Young chef and fellow MasterChef Junior contestant Asher Niles flew all the way to Auburn/Opelika from Washington state to join Bryson McGlynn at a watch party for the show’s season finale, part one.

OPELIKA — This week’s episode of MasterChef Junior was Part One of the Season Nine Grand Finale. As he introduced the three finalists, the host of the show, world renowned Chef Gordon Ramsay, noted this was “the most competitive season ever.”
From 12 original contestants, the three remaining young chefs entered the competition kitchen dressed in monogrammed chef’s coats, including 11-year-old Michael from New Smyrna, Florida; 10-year-old Remy from Hollywood, Florida; and Bryson McGlynn from Opelika, who was 11 during filming of the show.
“It just feels amazing because this has always been my dream, and I really never thought I’d get this far,” Bryson said. “This is going to be one of the most important cooks of my life.”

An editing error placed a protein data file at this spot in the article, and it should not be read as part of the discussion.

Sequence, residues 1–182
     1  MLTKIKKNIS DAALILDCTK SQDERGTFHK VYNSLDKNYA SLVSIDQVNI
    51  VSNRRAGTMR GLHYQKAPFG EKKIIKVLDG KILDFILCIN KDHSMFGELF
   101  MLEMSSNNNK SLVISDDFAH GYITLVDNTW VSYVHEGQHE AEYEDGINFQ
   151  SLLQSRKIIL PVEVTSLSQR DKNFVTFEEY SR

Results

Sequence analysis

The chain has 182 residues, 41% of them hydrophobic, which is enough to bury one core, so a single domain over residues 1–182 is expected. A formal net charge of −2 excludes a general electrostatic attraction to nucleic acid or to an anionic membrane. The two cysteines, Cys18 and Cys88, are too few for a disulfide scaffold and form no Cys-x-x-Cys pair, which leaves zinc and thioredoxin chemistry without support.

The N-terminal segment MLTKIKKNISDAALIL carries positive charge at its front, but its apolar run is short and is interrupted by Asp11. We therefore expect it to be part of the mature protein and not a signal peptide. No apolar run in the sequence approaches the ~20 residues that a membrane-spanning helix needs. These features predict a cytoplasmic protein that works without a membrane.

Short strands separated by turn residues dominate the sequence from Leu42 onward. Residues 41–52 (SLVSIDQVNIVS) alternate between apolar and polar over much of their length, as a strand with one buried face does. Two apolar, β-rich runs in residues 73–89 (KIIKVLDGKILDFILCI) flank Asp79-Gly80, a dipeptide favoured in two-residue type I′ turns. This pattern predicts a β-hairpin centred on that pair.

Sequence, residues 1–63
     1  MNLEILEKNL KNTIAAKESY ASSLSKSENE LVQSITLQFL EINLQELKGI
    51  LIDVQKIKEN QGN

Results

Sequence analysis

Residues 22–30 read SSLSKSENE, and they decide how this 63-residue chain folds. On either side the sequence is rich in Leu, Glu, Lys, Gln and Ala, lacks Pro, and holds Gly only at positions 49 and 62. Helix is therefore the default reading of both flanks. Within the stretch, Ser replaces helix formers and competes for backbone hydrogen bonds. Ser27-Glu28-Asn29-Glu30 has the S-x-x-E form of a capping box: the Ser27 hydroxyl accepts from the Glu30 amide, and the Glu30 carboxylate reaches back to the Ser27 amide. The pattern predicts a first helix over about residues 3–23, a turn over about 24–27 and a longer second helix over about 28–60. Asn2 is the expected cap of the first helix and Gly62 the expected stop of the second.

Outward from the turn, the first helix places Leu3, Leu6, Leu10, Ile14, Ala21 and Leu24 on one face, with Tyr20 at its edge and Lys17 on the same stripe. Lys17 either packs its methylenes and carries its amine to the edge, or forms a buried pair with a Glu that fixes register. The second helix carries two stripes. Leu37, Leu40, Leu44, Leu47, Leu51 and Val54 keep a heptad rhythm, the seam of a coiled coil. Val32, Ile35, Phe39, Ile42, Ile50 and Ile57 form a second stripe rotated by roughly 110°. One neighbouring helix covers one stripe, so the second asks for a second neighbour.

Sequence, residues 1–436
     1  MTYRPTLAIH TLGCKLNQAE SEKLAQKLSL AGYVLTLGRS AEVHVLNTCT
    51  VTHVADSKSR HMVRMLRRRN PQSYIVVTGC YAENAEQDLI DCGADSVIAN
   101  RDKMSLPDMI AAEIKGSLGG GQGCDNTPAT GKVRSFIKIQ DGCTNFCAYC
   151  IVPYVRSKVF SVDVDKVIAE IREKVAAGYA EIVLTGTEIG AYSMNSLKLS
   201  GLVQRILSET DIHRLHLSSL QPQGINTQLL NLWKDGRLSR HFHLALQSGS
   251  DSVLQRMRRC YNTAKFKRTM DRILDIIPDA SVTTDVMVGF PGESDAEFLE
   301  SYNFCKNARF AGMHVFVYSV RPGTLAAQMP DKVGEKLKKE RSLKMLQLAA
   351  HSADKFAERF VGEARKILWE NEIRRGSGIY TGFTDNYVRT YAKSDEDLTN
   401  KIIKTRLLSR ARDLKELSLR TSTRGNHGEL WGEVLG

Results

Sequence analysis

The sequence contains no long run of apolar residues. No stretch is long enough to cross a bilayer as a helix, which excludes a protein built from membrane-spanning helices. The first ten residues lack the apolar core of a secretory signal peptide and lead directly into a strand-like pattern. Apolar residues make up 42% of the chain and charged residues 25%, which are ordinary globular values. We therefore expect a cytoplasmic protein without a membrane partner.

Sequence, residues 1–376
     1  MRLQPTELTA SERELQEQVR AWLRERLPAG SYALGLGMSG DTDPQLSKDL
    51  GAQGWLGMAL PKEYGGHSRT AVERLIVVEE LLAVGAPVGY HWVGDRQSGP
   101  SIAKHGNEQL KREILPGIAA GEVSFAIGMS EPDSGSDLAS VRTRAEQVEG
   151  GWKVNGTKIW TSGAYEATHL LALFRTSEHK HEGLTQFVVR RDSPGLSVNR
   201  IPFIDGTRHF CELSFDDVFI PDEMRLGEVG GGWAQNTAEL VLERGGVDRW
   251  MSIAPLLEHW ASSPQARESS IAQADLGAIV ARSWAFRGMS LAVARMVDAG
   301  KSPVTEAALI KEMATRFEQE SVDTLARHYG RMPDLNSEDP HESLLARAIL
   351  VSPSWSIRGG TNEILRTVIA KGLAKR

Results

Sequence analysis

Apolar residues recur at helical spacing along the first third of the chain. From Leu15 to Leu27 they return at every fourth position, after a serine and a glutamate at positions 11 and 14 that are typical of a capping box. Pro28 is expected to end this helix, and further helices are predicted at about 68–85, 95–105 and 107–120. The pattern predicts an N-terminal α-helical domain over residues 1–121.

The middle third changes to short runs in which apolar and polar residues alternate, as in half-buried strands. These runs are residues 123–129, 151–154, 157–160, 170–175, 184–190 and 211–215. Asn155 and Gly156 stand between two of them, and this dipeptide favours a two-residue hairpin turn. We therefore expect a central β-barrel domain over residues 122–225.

The finale was filmed in front of a live studio audience. Fellow competitors who had been eliminated throughout the season, as well as each contestant’s families were there to cheer them on, including Bryson’s parents and grandparents. His father, Mike “Cheese” McGlynn, was beaming with pride as he spoke of his son, “Cheese Curd.”
“Bryson is a very sweet kid. He’s a very humble kid,” said Mike. “He’s also a little bit shy, but he absolutely loves to cook. Bryson started cooking with my wife and myself when he was probably about three, and he saw dad cooking on the competition circuit a lot and he wanted to do it, too. As a father, I couldn’t be [prouder] of him, and he is definitely a better cook than I am now.”